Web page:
Acclaimed director Hirokazu Kore-eda's (Shoplifters, Like Father, Like Son) first film made outside his native Japan stars Catherine Deneuve and Juliette Binoche as a mother and daughter in the film industry whose professional collaboration triggers long-buried resentments.
Hirokazu Kore-eda's follow-up to his Palme d'Or–winning Shoplifters transports the Japanese auteur's ongoing engagement with the machinations of family to Paris, where a tempestuous mother–daughter reunion becomes an opportunity to explore questions of love, art, and responsibility. Kore-eda's first film made outside his native Japan also provides an opportunity to bring together two acclaimed French actors, Catherine Deneuve and Juliette Binoche, who, along with Ethan Hawke, lead an exquisite ensemble through a story that feels at once absolutely French and absolutely Kore-eda.
Septuagenarian screen legend Fabienne (Deneuve) is charismatic and fiercely talented. She has always prioritized her work above all else. The publication of Fabienne's memoir precipitates a visit from her long-estranged daughter Lumir (Binoche), a screenwriter, along with Lumir's actor husband, Hank (Hawke), and their daughter. When Fabienne's assistant suddenly resigns, Lumir agrees to take over his position just as Fabienne begins work on a science-fiction film. As the women struggle through confrontations on and off set, the contents of Fabienne's memoir, along with peculiar parallels between the new film and Fabienne's life, trigger the re-emergence of long-buried resentments.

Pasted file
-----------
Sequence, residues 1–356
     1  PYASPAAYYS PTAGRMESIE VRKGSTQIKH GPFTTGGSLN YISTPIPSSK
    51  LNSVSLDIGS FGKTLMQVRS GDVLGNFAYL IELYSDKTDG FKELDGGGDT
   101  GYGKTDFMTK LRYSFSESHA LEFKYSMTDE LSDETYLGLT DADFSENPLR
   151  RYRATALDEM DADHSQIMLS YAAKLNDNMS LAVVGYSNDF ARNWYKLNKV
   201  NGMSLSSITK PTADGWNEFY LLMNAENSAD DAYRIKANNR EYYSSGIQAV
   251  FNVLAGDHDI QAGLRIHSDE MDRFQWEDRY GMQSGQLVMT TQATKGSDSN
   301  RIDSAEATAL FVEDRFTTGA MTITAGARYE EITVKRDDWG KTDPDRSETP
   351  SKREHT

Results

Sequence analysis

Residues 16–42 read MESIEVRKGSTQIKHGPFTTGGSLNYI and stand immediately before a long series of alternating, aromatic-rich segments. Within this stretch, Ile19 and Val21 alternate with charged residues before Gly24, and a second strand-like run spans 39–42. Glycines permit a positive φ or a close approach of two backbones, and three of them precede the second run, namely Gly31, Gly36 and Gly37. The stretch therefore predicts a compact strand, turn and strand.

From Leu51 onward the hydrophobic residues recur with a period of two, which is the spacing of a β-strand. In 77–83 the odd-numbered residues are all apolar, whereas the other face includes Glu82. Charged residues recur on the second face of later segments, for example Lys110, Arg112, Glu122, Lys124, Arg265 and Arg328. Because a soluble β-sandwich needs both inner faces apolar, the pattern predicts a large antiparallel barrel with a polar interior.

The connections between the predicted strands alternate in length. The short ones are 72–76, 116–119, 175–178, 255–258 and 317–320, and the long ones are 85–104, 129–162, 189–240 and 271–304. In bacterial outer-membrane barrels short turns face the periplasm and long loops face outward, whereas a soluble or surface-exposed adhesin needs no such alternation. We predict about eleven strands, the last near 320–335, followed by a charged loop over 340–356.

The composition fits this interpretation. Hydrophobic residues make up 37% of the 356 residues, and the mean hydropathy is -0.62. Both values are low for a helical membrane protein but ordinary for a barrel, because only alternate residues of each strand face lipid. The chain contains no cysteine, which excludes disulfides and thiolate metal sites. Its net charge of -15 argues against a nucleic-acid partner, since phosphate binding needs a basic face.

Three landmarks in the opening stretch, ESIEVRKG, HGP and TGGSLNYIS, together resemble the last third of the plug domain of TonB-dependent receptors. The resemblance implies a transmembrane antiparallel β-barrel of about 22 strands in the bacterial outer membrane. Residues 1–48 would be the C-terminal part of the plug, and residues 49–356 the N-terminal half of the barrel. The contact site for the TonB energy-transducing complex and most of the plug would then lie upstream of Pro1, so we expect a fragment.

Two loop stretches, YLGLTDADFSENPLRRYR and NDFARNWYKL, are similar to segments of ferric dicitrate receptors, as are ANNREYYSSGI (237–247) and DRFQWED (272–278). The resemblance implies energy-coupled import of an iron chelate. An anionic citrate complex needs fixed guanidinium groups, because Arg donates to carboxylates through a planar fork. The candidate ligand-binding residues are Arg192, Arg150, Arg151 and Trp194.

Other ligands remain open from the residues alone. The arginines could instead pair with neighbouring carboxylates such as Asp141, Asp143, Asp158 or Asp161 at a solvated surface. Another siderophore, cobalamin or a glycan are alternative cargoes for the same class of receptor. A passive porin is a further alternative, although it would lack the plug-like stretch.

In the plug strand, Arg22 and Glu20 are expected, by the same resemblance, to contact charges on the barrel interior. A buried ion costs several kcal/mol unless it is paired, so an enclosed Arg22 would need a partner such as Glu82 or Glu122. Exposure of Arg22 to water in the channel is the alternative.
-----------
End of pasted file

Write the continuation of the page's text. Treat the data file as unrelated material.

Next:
The Truth brims with well-wrought scenes of tiny, sometimes amusing cruelties, including one in which Fabienne's dig at the non–French speaking Hank's acting abilities is not lost in translation. But things move gradually towards a place of new understanding between Fabienne, whose tendency is to save her feelings for the camera, and Lumir, who tries to control her world by writing it into being. The fortitude of their bond is undeniable, even if the truth about their shared past remains elusive.